While the Apple Watch may be enjoying the current health-tracker buzz, Fitbit recently made headlines, first for its initial public offering of stock and then for being sued by Jawbone. The lawsuit alleges that when Fitbit poached Jawbone personnel, some of those prospective employees took valuable, proprietary information from Jawbone with them when they departed for Fitbit.
According to The New York Times coverage, the complaint includes allegations that Fitbit recruiters contacted “nearly one-third of Jawbone’s employees” and that some of those employees “downloaded information like Jawbone’s current and future business plans and products” and “used programs to cover their tracks or deleted system logs.”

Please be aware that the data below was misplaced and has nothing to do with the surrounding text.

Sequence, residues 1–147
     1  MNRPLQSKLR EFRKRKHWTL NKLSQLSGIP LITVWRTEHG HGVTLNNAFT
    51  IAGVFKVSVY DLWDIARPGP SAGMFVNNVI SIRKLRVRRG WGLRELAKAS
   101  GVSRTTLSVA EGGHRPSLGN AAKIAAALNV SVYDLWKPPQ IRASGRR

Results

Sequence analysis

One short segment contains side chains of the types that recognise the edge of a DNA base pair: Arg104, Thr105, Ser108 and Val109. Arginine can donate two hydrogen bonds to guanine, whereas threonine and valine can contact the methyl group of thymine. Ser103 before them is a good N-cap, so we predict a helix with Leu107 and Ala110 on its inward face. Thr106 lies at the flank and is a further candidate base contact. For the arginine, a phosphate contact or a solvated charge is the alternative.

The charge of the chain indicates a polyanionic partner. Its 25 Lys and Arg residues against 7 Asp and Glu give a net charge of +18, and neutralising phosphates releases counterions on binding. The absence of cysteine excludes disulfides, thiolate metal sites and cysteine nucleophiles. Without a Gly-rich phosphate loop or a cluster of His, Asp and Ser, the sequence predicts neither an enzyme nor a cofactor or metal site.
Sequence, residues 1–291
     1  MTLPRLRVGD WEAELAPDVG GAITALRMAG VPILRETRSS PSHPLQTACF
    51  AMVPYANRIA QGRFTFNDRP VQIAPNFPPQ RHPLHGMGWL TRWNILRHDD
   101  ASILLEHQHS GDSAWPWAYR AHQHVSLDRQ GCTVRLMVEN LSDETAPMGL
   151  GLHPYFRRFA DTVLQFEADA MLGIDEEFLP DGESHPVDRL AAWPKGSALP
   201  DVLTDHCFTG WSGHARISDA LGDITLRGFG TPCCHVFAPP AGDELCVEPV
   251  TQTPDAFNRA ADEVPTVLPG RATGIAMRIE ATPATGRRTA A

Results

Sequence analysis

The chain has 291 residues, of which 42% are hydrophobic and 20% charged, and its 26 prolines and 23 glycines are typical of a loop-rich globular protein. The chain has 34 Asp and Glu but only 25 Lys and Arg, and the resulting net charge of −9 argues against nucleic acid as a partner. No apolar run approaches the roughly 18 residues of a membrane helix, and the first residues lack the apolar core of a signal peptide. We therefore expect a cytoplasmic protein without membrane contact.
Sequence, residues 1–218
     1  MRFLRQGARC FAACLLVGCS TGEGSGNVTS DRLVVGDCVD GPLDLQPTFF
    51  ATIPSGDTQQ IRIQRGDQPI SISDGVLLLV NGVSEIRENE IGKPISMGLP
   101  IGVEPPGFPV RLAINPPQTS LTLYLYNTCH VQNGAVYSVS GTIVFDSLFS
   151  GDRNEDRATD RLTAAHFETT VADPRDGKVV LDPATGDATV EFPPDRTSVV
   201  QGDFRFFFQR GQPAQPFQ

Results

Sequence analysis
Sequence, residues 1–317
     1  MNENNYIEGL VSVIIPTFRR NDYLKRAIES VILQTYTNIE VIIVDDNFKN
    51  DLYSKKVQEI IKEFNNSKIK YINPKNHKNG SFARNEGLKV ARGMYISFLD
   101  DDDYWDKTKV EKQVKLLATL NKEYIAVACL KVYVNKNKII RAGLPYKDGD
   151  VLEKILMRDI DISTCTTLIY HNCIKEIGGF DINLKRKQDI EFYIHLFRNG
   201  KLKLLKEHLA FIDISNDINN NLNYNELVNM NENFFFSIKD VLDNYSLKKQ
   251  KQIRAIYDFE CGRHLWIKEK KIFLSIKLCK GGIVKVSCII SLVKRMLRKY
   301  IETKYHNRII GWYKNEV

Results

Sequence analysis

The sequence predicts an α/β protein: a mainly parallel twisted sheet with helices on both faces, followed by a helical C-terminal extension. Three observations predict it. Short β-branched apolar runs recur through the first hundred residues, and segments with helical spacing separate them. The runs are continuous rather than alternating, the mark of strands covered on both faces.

Included in the lawsuit was Fitbit’s Chief People Officer’s, Marty Reaume, confirmation that Fitbit actively recruited Jawbone personnel but that she “revealed nothing of the knowing theft and misappropriation of Jawbone’s proprietary information, nor its plans to use such information to overcome the shortcomings in its overinflated business projections.”
The Times states that Jawbone has faced speculation about its own financial health and that it “has been bedeviled by production issues throughout its 16-year history.”
In the lawsuit, Jawbone seeks damages and “preliminary and permanent injunctive relief to prevent the individual Defendants form disclosing any additional trade secrets belonging to Jawbone.”